There is absolutely no evidence, not one bit, suggesting that providing comfort and security to a distressed dog causes the dogs anxiety or fear to increase. Why then, does this myth persist among dog owners and even with some trainers? Why are owners still advised to ignore their dog when he is distressed or anxious or fearful, as if providing any attention to the dog will reinforce those emotions?
Also called compulsive behavior disorder, this is a mental health disorder characterized by the excessive performance of repetitive behaviors that don't serve any apparent purpose
While most owners are familiar with genetic tests to determine the ancestry of mixed-breed dogs, many are not aware that a number of companies have expanded into testing for genetic health disorders. The companies typically advertise these tests as having the potential to both save money and heartache by giving owners an opportunity to prevent or detect diseases in their earliest stages, in order to add health-filled years to our beloved canine companions' lives. But is this rosy promise even possible?
Activity can affect sleep time for dogs. Working dogs sleep less than inactive dogs. Inactive dogs also may have unusual sleep/wake cycles. This might be because many dogs are home alone during the daytime, and thus, they sleep. When owners come home, the dog becomes active. This daytime inactivity can lead to wakefulness at night, when the rest of the house is asleep. It's a good idea to leave interesting toys for your dogs when you are gone for the day. Daily exercise for at least 15-30 minutes also promotes healthy sleep patterns...in everyone!
It is not abnormal for your dog to drool sometimes. Pavlov showed in his famous bell experiments that anticipating a meal can make a dog salivate. Fear can also cause dogs to drool, as you will see in a storm-phobic dog. Drooling is a form of heat control for dogs called evaporative cooling. So, the answer is yes! Drooling can be normal and in response to the dog's emotions or environment.
An increasing percentage of clients are bringing dogs to me for help with fear-related behaviors. Many of my fellow behavior professionals agree: They, too,...
Most of the time, when dogs do something we don't want them to do (such as stealing our socks or jumping on our elderly...
Moving to a new house regardless of whether it's down the street or across the country is stressful for anyone, but for dogs it can be especially confusing and upsetting. I just moved my three dogs (ages 16 years to 21 months, 10 pounds to 100 pounds) from New York City to Portland, Oregon. The move has been a bit hectic, but my biggest priority has been creating stability and consistency for my dogs.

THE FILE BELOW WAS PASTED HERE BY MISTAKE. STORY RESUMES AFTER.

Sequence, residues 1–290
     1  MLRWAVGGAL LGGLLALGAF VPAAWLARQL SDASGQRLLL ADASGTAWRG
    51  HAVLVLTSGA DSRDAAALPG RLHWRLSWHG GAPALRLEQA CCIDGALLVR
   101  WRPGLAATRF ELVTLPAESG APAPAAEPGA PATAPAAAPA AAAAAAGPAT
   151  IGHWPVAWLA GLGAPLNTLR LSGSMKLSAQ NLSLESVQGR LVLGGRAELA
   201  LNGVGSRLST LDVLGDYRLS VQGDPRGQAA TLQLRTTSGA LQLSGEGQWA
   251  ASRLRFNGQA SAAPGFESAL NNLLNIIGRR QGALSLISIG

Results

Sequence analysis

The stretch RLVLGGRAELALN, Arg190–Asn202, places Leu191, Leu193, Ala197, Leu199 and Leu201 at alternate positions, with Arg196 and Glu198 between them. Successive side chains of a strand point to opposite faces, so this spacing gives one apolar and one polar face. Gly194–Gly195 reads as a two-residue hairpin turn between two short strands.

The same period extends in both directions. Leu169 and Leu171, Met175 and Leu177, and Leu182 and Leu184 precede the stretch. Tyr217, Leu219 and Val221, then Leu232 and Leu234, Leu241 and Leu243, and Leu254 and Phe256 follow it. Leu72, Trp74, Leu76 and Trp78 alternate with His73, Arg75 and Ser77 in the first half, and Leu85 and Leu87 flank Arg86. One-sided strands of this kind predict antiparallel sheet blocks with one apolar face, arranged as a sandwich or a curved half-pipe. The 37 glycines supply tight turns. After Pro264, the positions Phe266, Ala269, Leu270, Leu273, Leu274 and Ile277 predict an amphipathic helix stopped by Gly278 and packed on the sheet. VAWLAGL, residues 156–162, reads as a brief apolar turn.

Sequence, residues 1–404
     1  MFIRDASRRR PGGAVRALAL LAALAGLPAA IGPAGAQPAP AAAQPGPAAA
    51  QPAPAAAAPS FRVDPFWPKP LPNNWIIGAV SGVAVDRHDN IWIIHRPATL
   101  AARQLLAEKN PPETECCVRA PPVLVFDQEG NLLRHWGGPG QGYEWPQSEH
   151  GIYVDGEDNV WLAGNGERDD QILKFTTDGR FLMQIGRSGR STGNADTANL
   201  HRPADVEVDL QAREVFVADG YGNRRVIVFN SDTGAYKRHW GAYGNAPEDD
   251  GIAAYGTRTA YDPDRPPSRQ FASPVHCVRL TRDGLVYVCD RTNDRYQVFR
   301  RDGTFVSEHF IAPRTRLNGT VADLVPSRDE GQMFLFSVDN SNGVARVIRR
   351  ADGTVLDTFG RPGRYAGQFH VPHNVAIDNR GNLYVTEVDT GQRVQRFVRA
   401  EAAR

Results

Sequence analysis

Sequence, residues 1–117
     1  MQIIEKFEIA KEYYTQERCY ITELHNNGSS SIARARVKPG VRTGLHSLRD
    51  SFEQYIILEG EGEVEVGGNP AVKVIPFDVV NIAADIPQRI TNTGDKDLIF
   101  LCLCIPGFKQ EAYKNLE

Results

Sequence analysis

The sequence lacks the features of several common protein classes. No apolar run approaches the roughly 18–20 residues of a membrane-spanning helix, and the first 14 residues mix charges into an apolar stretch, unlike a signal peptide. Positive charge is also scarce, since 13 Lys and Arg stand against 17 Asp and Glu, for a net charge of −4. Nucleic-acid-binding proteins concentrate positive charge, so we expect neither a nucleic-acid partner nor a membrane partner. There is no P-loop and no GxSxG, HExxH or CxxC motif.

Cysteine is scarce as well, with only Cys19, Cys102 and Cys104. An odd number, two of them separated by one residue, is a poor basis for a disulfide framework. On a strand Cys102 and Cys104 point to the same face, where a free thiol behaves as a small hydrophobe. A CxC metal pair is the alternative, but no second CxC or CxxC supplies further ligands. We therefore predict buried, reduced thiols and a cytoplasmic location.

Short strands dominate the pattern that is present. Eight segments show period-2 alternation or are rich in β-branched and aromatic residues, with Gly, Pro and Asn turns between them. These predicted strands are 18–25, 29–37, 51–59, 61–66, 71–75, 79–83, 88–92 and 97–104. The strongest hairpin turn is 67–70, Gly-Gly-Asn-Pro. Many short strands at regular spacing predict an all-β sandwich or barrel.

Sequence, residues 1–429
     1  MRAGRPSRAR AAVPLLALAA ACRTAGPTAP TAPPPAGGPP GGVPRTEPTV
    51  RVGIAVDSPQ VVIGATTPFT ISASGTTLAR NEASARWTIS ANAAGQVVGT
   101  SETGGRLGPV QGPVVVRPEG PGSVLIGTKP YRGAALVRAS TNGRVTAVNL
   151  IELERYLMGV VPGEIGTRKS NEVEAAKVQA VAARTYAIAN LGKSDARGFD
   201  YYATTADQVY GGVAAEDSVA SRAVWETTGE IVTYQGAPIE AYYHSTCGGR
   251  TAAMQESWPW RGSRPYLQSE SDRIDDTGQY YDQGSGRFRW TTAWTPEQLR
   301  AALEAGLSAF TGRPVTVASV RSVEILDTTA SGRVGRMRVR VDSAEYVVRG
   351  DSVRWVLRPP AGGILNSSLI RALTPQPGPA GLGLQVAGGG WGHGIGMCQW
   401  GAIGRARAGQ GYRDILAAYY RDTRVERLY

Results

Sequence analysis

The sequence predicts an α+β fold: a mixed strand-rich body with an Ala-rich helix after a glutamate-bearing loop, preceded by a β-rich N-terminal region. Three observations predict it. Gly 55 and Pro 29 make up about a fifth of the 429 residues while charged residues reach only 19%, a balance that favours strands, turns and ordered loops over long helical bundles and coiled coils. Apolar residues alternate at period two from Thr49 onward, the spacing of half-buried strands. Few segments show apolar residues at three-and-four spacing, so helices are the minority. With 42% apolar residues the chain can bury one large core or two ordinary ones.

This excerpt is the first chapter of Dog Smart, a new book by Linda Case, MS, founder and head trainer at AutumnGold Dog Training Center in Mahomet, Illinois, and the author of a number of books on training and animal nutrition. Case also taught at the University of Illinois Department of Animal Sciences and College of Veterinary Medicine for 20 years.
that the behavior annoys everyone nearby.Determining the reason for your dog's barking is key to solving it. For example, you will take a different tack with a dog who barks to demand your attention (like this little dog) than a dog who barks in excitement at other dogs.üDon't punish for barking - it's not very productive in the long run.üüThe author's dog, Shadow, is living proof that all of the exercises and techniques described here really work! Her barking has reduced in frequency by about 80 percent, and she continues to improve.
Fence aggression barking, lunging, and fence-fighting is an all-too-common canine behavior. It can also be a very difficult behavior to live with. A dog who is left for long periods of time (especially) in an enclosed yard can easily become frustrated and aroused by dogs being walked past her space and her inability to interact with those dogs. That frustration often turns into aggression, and the aggression can become very serious. Dogs can even be grieviously injured or even killed if they are able to grab another dog (or part of a dog) through a fence.
Five types of dog-to-dog supervision, from left to right (or from 1 to 4 stars): No adult supervising dogs; Adult present but distracted; Reacting after the dogs are too close; Having a plan, being prepared; Fully present, adult supervision